A article which describes how to create a custom control that supports scrolling on a single axis.
2020 Blog Posts Articles and information on C# and .NET development topics
An overview of a simple Markdig extension for adding support for kbd tags.
My thoughts on the Cooler Master Pi Case 40 that I received today.
A brief overview on getting started with the Windows Image Acquisition (WIA) library in C#
A sample application demonstrating chemotaxis, in a very simplified fashion.
A new version of our BMFont parsing library has been released.
Thoughts and observations using the Adafruit I2S 3W Stereo Speaker Bonnet for Raspberry Pi over the last week and a half.
How to specify custom committer and author dates when committing to a git repository via the command line, helpful when setting up repositories for historical code.
In a prior post, I described id's WAD format used by classic games such as DOOM and how to read them. This post covers how to write them. As with my first post, this only covers the original WAD format, not the enhanced ones which followed.
In my previous post, I described id's WAD format used by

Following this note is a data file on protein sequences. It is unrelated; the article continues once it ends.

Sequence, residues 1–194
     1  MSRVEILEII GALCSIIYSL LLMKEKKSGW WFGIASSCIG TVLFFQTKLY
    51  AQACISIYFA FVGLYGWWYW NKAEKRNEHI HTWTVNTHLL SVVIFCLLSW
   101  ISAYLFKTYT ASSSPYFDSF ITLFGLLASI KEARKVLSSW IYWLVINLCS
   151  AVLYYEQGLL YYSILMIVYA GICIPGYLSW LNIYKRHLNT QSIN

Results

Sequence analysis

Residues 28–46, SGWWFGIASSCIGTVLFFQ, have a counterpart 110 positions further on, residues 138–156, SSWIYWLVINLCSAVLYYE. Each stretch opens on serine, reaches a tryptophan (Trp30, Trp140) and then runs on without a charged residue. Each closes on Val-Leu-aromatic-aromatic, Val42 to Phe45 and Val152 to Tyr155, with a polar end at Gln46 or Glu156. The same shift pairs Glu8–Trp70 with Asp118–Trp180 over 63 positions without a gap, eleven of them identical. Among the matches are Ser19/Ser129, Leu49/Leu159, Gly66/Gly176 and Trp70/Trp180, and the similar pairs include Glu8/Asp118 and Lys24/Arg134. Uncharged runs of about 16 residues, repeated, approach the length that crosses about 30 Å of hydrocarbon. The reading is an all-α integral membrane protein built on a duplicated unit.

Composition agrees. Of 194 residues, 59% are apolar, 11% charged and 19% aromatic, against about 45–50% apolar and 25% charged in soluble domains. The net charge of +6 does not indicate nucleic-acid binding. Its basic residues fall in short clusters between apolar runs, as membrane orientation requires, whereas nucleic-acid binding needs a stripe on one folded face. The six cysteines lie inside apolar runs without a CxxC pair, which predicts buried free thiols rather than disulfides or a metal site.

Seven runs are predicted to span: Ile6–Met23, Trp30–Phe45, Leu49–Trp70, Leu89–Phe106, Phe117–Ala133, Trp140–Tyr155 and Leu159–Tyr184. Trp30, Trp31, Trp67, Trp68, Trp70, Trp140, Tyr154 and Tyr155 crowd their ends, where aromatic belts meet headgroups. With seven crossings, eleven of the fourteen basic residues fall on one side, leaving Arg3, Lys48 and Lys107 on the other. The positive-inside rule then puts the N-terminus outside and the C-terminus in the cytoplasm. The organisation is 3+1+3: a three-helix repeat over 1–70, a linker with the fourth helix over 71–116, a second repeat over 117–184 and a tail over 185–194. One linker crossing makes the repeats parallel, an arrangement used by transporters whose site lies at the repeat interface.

classic games such as DOOM and how to read them. While
researching the format though, I wasn't 100% sure that I was
extracting lumps properly - the only readable file I'd
DOOM1.WAD, and also
DARKWAR.WAD... hardly conclusive.
Armed with the specification from the DOOM FAQ I decided to take a brief segue into decoding the pictures to verify the lumps I was extracting were valid.
WAD "Where's All the Data" files used by DOOM and various other games are simple containers, similar to zip and other archive formats, without additional complexity (such as compression) and data-centric rather than file. This article describes how to read the WAD files used by DOOM, DOOM II, Rise of the Triad and similar games of that area.
The article covers reading of a WAD and extracting its contents
A review of the Argon ONE Raspberry Pi 4 case and my initial experiences with it.
Installing Mopidy on a Raspberry Pi Zero W using the pHAT Beat audio hat.
A round up of the different software tools used by Cyotek over the past year.